A person's life in Gambia is marked by a series of African
rites of passage or traditional rituals. These include
the so called naming ceremonies, male initiation and
and funerals. People of both the main faiths and all
ethnic groups more or less go through all the rituals.
An initiatory rite is a ritual marking the change of
social or sexual status of an individual, most generally
puberty but also for other events like the birth or
The rites of passage make it possible to bind the individual
to the group, but also to structure the life of the
individual in precise stages which allow an alleviating
perception of the individual compared to his temporality
and to its mortality. This phenomenon thus has an important
stake for the individual, the relation between the individual
and the group, and for the cohesion of the group as
There are several ceremonies that are connected to special
events in a Gambian’s life. Naming ceremonies are held
exactly 7 days after a baby is born, when the father
announces the name he has chosen for his new son or
daughter. Circumcision ceremonies are performed when
adolescents are circumcised to mark the transition from
childhood to adulthood. Performed in same-sex groups,
circumcisions are customarily accompanied by “bush school,”
when the young adults are taken into the bush and taught
about their culture and the responsibilities they must
undertake as adults.
As expected, wedding denotes the joining of husband
and wife. It is fairly common for marriages to be arranged
between parents (especially in rural areas) and it is
not necessary for both the bride and groom to be present
at the actual ceremony. The wedding ceremony, as well
as the naming and circumcision ceremonies in themselves
are usually smaller affairs, with close family only.
Larger parties, held afterwards, include a larger group
The Foni district is inhabited by the Diolas, Mandjaques
and Balanta who perform their initiation ceremonies
in their sacred holy woods. Some of these traditional
ceremonies take place every year whilst others take
place once every 30 to 40 years.
In Gambia the rite of passage generally proceeds in
• Separation (the individual
is isolated from the group);
• the margin or
liminality (moment when the effectiveness of the ritual
is carried out, with the variation of the group);
• aggregation (return in the group).
The most studied transition is undoubtedly the time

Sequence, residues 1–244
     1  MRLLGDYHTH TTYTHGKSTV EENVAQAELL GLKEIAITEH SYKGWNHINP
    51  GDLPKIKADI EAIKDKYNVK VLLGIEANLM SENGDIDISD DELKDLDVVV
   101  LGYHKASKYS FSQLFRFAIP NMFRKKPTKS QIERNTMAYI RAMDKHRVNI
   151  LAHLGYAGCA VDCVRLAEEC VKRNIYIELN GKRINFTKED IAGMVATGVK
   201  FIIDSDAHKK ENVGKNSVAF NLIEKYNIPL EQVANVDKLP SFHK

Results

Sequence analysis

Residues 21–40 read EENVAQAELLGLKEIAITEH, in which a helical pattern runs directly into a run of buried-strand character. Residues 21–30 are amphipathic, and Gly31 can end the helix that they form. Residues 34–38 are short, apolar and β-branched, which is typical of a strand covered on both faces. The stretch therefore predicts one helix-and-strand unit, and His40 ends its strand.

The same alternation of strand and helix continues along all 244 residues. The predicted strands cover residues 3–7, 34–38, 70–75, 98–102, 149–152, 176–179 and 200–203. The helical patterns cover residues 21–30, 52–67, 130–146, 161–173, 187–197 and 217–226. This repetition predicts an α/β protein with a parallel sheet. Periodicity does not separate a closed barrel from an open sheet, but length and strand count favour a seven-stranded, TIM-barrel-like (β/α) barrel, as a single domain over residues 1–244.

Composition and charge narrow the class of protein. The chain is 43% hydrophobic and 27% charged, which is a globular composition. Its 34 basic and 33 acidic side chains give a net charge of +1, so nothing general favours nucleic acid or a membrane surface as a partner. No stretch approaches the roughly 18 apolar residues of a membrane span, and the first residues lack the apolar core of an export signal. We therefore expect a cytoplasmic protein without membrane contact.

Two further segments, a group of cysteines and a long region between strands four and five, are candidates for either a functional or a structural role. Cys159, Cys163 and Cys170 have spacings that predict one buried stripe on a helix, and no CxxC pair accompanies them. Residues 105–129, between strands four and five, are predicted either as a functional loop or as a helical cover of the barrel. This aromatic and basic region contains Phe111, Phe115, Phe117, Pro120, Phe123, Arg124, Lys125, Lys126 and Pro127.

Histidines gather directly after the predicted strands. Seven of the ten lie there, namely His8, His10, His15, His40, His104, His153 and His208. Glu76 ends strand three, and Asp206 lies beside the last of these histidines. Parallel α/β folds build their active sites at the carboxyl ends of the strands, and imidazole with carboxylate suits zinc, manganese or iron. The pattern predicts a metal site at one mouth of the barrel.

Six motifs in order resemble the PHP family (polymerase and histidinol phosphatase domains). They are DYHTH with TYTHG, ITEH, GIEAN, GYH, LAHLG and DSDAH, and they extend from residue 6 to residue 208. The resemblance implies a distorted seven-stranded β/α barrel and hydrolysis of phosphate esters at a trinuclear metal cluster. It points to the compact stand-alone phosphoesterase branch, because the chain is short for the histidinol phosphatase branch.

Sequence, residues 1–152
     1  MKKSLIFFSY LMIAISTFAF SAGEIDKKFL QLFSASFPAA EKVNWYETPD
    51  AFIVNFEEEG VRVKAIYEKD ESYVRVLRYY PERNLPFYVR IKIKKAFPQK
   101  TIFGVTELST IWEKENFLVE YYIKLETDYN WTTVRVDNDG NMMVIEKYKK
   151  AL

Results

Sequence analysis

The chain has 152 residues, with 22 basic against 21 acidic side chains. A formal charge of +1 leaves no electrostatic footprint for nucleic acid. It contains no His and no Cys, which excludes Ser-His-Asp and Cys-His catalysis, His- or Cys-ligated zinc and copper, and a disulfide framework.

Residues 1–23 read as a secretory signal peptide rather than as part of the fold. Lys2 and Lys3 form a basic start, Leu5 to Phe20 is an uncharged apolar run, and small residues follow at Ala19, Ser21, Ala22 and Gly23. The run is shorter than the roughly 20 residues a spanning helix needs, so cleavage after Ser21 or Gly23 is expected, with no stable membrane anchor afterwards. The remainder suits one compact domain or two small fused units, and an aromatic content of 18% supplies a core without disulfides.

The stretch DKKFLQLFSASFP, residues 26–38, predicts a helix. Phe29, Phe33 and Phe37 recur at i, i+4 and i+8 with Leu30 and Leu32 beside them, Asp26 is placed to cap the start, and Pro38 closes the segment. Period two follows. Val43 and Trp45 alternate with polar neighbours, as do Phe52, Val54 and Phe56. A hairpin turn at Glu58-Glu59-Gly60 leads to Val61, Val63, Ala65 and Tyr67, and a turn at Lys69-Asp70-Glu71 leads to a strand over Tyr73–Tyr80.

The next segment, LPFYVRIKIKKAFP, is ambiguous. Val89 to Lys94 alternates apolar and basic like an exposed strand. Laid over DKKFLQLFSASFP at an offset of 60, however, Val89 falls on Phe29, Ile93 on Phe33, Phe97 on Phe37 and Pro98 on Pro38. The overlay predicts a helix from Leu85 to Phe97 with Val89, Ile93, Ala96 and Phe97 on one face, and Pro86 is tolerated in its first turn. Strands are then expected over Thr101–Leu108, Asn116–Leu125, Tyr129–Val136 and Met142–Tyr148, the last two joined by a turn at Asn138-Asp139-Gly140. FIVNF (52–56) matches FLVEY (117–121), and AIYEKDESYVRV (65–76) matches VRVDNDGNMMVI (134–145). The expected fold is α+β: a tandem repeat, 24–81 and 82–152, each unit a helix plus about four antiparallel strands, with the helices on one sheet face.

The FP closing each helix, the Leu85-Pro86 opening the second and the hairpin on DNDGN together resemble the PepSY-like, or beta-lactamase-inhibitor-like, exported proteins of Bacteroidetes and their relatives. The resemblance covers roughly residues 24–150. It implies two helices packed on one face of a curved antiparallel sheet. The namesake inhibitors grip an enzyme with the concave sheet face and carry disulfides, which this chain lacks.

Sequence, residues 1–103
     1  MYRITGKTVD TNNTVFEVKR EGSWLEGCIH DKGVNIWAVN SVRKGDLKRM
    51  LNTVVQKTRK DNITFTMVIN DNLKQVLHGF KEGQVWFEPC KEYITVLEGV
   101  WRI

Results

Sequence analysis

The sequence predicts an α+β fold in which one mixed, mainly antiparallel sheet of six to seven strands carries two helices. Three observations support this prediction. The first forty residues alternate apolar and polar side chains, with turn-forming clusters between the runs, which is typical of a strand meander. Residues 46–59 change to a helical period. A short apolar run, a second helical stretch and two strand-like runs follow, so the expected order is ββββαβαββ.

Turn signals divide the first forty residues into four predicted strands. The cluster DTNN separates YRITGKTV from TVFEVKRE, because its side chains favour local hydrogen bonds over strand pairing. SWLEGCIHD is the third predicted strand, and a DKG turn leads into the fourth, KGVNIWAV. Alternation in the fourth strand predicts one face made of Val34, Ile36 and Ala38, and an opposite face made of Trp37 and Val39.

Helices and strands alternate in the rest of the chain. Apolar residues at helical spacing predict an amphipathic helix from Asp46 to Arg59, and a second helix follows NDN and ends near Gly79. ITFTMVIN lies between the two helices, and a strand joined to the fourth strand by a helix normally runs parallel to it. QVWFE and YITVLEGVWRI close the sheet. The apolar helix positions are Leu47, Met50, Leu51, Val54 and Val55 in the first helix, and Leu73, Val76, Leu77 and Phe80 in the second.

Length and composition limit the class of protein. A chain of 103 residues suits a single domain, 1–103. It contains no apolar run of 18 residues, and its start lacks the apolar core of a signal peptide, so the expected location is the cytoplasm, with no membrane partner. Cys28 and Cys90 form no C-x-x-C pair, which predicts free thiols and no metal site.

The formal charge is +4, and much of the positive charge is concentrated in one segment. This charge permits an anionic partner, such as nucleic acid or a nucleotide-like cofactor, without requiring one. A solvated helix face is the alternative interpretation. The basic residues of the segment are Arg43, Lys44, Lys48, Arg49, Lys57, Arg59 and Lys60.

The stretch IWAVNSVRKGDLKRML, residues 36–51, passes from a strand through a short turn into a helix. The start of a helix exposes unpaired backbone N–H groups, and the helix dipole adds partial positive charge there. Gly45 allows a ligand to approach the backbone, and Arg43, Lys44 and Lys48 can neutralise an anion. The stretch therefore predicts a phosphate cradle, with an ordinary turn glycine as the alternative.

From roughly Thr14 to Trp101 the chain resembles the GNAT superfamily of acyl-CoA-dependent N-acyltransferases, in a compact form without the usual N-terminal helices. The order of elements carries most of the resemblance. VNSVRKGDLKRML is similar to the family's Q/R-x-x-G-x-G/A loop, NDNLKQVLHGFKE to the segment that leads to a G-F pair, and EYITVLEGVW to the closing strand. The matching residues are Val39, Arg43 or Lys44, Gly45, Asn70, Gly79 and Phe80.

of adolescence which corresponds in the passing biological
and social of the child to the adult through the state-limit
or the interval of penal responsibility / irresponsibility,
the reproductive capacity / incapacity and autonomy
/ heteronomy on the plans biological, legal, psychological
Birth with death, the course of a life is the sum and
the chronicle of a multitude of passages where each
passage is the rupture of an unspecified identity as
the birth of a child is the rupture of a wife who becomes
mother, of a "girl of..." who becomes "mother
of..." and of a "mother of..." who becomes
a "grandmother of." for the female kind as
for the male kind. Another illustrative example of passage
in childhood is the rupture between the privative one
of the family and the public of the first days at the
The passage from primary school to secondary school
corresponds to the preadolescence stage where the child
passes through the school holidays, of the group at
"large" at the primary school with the group
of "small" at the secondary school.
This passage is also at the same time the abandonment
of the old identity which of "figure" becomes
"bottom", in Gestalt or "totality figure-bottom"
and the acquisition of a new identity which replaces
"figure". The rite of passage is a ceremony
of public recognition and approval of the abandonment
of the old identity and acquisition of the new identity.
It is essentially an accompaniment of training in the
abandonment of the old identity and the acquisition
of the new identity.
The rite of passage is also this guide of voyage and
training and an accompaniment of a trade-guild of road
in the abandonment of the old identity and the acquisition
of the new identity, a tended hand of the close relations
and distances to cross turbid water of the life.
Among Gambia's Christians the principal rites are the
baptism, the communion and the marriage.